The Regional Marine Symposium in Aqaba highlights the importance of training, leadership and equipment
UNIPATH STAFF | Photos by CPL. TRAVIS JORDAN/U.S. MARINE CORPS
With Daesh, al-Qaida and other unconventional threats menacing the Middle East and Central Asia, regional militaries are increasingly calling on their marine and naval infantry forces. These compact, flexible units play a key role in safeguarding their nations’ security against shifting threats.
Officers from the Middle East and Pakistan gathered at the second annual Regional Marine Symposium at the port and naval base in Aqaba, Jordan, in August 2017 to share tactics and information vital to these military missions.
The symposium — the theme was performance-oriented, standards-based training — attracted field-grade officers from Bahrain, Egypt, Jordan, Kuwait, Lebanon, Iraq, Pakistan, Saudi Arabia and the United Arab Emirates (UAE), along with about 45 U.S. Marines.
“Our motto is to ‘train as we fight, and fight as we train,’” said Lt. Col. Hisham Khaleel Mubarak Al Jarrah, commanding officer of the 77th Royal Jordanian Marine Battalion. “Our training is based on realistic premises and scenarios that we may face in the future.”
In addition to presentations by officers from the various national delegations, the symposium included sessions on training and equipment and a live-fire demonstration at Camp Titin near Aqaba.
Leadership is critical to a military unit’s success. Speakers at the symposium highlighted the importance of nurturing the talents of junior officers and noncommissioned officers to operate resiliently and resourcefully on the battlefield.
During his opening address, Lt. Gen. William Beydler, commander of Marine Corps Forces Central (MARCENT), argued that “good platoon commanders and good noncommissioned officers make all the difference.”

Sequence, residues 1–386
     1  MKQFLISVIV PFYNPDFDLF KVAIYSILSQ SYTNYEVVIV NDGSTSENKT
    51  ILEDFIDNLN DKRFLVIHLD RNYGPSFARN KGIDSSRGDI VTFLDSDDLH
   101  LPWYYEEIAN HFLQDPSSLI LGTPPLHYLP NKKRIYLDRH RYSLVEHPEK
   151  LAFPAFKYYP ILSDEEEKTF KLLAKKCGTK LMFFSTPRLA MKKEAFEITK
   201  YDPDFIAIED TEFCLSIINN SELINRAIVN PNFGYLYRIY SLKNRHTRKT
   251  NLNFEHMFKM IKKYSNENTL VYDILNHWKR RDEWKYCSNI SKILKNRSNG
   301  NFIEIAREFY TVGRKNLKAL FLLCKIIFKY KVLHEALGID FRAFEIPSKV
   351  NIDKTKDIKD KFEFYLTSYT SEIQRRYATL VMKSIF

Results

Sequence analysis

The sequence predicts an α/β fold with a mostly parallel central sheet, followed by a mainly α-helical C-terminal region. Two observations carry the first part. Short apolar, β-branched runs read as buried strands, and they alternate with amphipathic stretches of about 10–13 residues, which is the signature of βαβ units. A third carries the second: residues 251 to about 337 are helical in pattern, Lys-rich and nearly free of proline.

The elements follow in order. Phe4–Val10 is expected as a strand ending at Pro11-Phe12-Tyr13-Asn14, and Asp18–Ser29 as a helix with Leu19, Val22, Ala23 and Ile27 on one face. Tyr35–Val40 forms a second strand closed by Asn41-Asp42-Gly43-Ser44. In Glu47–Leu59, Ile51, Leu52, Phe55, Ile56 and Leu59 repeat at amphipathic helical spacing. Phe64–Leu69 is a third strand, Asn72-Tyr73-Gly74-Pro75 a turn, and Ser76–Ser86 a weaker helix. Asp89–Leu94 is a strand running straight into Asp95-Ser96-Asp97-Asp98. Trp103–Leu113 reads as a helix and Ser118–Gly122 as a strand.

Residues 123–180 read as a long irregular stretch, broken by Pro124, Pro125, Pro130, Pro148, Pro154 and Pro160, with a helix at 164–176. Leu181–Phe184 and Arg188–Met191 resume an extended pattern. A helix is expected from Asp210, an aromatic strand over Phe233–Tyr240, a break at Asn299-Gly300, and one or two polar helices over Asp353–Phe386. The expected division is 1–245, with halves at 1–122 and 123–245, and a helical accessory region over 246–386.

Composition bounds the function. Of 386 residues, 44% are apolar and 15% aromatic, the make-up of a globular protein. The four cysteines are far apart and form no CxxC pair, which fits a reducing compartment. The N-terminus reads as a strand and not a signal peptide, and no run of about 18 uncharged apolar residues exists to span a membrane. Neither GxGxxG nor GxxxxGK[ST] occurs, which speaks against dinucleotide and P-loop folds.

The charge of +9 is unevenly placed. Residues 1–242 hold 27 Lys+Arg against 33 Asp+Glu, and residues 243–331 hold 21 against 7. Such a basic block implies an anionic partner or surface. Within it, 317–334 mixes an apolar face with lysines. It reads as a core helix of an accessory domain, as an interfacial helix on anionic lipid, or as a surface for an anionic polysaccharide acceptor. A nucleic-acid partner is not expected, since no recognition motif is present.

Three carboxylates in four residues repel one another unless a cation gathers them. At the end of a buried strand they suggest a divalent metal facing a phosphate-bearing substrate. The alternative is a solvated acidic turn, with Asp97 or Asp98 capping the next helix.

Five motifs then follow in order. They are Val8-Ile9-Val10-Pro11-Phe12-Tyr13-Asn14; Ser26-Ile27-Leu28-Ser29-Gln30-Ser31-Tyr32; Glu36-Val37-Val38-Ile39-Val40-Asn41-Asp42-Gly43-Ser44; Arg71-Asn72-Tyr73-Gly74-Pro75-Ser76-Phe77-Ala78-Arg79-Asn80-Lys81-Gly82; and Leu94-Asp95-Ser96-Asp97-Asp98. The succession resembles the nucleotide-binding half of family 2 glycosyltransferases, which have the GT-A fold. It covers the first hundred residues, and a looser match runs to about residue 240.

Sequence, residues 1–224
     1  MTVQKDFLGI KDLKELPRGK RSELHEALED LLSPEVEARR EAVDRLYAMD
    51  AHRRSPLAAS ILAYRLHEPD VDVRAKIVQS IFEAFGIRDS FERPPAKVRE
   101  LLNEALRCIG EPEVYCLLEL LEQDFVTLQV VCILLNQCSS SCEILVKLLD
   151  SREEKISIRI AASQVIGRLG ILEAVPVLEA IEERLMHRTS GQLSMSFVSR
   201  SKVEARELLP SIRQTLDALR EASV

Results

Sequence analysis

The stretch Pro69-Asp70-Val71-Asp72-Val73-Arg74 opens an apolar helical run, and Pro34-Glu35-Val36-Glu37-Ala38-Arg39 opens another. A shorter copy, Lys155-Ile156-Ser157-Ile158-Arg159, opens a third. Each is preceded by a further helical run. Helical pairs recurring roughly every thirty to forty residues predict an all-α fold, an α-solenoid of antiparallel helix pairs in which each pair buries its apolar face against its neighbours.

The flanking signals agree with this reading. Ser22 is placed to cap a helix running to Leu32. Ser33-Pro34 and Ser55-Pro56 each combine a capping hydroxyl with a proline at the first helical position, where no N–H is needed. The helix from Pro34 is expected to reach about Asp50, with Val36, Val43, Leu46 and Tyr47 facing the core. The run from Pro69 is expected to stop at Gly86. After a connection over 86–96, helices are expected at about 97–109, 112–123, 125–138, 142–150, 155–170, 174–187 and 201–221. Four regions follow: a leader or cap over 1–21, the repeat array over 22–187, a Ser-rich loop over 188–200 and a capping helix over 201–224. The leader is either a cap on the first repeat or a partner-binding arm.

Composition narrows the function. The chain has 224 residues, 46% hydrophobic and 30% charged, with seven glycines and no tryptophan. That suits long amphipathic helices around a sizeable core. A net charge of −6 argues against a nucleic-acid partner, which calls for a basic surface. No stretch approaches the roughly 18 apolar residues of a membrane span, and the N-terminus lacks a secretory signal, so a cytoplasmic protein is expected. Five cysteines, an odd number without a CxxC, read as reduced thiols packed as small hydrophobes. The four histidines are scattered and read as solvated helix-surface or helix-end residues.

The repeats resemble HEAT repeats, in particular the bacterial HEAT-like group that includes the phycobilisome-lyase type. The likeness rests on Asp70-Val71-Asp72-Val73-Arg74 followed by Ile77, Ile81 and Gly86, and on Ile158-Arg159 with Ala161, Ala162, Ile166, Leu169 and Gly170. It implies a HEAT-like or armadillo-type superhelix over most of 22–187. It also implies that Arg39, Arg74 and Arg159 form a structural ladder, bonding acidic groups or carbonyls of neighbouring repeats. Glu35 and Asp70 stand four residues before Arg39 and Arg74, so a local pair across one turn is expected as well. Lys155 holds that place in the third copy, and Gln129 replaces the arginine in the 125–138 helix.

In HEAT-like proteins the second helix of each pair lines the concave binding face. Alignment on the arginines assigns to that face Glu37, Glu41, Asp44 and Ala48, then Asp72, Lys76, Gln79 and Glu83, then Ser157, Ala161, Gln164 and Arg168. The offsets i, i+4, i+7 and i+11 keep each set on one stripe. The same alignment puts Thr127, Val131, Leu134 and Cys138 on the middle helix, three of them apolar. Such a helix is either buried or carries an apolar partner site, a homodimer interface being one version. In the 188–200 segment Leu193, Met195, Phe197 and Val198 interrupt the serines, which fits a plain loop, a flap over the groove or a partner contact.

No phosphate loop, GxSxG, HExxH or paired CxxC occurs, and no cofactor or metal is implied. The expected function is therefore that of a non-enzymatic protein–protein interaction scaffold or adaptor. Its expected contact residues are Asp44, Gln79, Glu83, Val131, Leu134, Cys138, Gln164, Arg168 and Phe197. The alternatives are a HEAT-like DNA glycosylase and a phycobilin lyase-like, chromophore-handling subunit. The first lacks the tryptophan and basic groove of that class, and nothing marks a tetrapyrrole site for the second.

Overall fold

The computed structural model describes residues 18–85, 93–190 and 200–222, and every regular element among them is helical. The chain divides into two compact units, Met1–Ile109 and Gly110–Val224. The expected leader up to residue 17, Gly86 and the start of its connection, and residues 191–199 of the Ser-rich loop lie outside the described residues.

“We need to allow our young leaders to be creative,” Lt. Gen. Beydler said. “Today, I learn more from our lieutenants than I can teach them.”
Pakistani Navy Cmdr. Ghulam Shabeer agreed. “Platoon leaders and subordinate officers are the backbone of operations,” he added. “We must focus on building and maintaining their skills.”
Their point was brought home during a live-fire demonstration on the conference’s second day. Attendees set out early one morning to Camp Titin, where they watched a platoon-size unit emerge from behind a mountain to attack an enemy emplacement with rifle and machine gun fire.
Immediately after the demonstration, U.S. Marine Brig. Gen. Frank Donovan, commander of amphibious forces for MARCENT, rated the performance of platoon and squad leaders, discussing where the team had excelled and where it had faltered. Such critical analysis is crucial to improving performance, Lt. Gen. Beydler emphasized.
“We have to win the fight we’re in and be ready for the next one,” he said. “The minute an organization finds it’s too busy with operations to train, that organization will unravel in the near future. As good as we think we are, our adversary gets better every day. If we don’t improve, we’ll fall behind.”